Radon causes more than 21,000 lung cancer deaths in the U.S. every year. Despite that it is totally preventable, radon is the number one lung cancer killer in nonsmokers.
Radon is widely described as the primary source of indoor and household air pollution in the U.S.
High radon levels are found in every state. Levels can vary widely, even from home to home in the same neighborhood.
Radon is a noble gas that comes from the natural breakdown of uranium, phosphate and a number of common minerals in soil and water and gets into the air you breathe. Radon typically moves up through the ground to the air above and into your home through cracks and other holes in the foundation. Radon can also enter your home through well water. Your home can accumulate radon inside.
Nearly one out of every 15 residences in the U.S. is estimated by EPA to have an elevated radon level of 4 picocuries per liter, or pCi/L, or higher. 4 pCi/L is the EPA action level for radon, but there is no (minimum mandatory) federal cleanup standard or the like because this inorganic compound is naturally occurring.
There is no real question that radon causes cancer. There is genuine dispute about at what level radon is carcinogenic. The science is clear at high levels, but low dose radon risk assessment gets a bit fuzzy?
EPA recommends, if you are buying a home have it tested for radon. A satisfactory radon test should be a contingency in every contract of sale.
For a new home, ask if radon-resistant construction features were used and if the home has been tested.
There is no known safe level for exposure to radon, but EPA recommends you fix a home if the radon level is 4 pCi/L or more. Be aware that the World Health Organization recommends countries adopt a reference level for radon at 2.7 pCi/L, significantly below EPA’s 4 pCi/L. Again, all of this is not without controversy. There are other cost benefit studies that EPA has reviewed questioning evidence of limiting exposure below 8 picocuries?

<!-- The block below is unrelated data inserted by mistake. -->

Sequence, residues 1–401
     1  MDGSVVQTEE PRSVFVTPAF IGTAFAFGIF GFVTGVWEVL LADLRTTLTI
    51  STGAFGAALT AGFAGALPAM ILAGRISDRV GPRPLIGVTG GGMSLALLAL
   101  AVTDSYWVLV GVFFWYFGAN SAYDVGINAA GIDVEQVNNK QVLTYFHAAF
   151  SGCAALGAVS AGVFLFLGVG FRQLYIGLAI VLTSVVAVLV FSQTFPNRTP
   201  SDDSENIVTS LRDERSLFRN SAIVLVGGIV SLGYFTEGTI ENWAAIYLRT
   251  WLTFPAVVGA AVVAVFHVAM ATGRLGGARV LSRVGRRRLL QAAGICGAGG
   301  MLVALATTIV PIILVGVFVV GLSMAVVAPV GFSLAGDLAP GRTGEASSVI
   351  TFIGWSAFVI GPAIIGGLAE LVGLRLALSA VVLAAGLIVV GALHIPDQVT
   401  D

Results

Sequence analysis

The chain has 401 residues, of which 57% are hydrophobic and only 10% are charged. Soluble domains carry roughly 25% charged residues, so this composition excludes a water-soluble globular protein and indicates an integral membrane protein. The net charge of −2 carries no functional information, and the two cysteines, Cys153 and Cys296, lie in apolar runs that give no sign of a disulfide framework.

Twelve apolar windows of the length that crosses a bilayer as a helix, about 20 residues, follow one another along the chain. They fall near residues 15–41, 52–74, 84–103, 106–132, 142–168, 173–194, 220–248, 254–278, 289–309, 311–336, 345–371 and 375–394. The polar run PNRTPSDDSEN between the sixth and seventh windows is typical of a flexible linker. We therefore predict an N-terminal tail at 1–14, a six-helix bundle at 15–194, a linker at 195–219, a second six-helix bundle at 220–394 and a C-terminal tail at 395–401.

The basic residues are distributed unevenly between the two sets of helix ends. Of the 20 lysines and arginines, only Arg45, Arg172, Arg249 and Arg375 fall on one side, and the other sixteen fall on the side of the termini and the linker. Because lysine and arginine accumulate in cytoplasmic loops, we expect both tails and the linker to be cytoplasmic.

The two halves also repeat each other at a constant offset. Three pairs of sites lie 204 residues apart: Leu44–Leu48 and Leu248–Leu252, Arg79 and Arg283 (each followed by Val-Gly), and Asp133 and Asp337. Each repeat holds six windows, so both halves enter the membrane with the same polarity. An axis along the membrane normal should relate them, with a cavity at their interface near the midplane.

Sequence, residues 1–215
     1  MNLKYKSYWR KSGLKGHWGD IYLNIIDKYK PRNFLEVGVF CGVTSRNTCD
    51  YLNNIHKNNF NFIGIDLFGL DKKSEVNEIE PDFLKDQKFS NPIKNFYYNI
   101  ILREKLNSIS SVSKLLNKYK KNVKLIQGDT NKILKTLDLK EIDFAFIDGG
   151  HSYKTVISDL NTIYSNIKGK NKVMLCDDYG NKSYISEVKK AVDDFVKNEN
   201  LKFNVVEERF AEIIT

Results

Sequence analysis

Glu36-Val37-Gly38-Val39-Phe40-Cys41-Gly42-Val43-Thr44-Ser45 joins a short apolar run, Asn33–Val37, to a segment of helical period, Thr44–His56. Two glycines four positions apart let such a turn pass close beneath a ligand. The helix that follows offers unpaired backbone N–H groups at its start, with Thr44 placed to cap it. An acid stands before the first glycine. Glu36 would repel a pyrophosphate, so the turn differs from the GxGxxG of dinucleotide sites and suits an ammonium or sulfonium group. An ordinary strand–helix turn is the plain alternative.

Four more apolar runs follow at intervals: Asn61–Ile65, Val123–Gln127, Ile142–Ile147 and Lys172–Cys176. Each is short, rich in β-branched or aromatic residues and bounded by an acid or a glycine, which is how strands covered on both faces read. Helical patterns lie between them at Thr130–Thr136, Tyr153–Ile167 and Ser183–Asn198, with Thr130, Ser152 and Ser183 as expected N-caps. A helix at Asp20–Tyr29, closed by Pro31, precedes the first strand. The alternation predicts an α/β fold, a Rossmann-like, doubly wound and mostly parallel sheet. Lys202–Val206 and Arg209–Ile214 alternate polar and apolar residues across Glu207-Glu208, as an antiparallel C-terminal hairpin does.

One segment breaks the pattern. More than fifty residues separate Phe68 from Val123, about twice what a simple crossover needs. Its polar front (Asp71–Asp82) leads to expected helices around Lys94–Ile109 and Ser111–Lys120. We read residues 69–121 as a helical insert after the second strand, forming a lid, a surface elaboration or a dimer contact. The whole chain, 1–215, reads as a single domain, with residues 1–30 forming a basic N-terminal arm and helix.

There is no doubt there is radiation risk even at low levels. Radon levels less than 4 pCi/L still pose a human health risk, and in many cases, may be reduced at very modest cost for testing and fixing the home.
This more “the sun” than “a black hole.”
Simple and inexpensive retrofits have been shown to reduce radon levels on average by 50% in houses. The techniques may also lower levels of other soil gases and decrease moisture problems.
First you may wish to find out if you are buying a home in a high radon area. The EPA’s map of radon zones shows which areas have the greatest potential for elevated indoor radon readings.
Radon mitigation features can be easily and inexpensively installed with common building practices and materials. The techniques may vary for different foundations and site requirements, but the basic elements are:
Gas Permeable Layer. This layer is placed beneath the slab or flooring system in new construction to allow the soil gas to move freely underneath the house. In many cases, the material used is a 4 inch layer of clean gravel. This gas-permeable layer is used only in homes with basement and slab-on-grade foundations; it is not used in homes with crawlspace foundations.
Plastic Sheeting. Plastic sheeting seams sealed is placed on top of the gas permeable layer and under the slab to help prevent the soil gas from entering the home. In crawlspaces, the sheeting is placed over the crawlspace floor.
Sealing and Caulking. All below-grade openings in the concrete foundation floor are sealed in existing homes to reduce soil gas entry into the home.
Vent Pipe. The preferred retro fit for an existing home is a 3 inch gas tight or PVC pipe installed from the gas permeable layer through the house to the roof to safely vent radon and other soil gases above the house.
Curiously, existing green building certification systems (e.g., LEED, Green Globes, IgCC, etc.), almost to the one, while purporting to give gravitas to indoor air quality, do not adequately make provision for matters of radon, despite the inorganic compounds recognition as “the” primary source of indoor air pollution. And there are very few, if any, mandatory radon laws across the U.S.
You cannot see, smell, or taste radon. But according to the EPA, radon causes about 21,000 lung cancer deaths per year; deaths that are 100% preventable. Testing is the only way to find out your home’s radon levels. EPA and the Surgeon General recommend testing all homes for radon.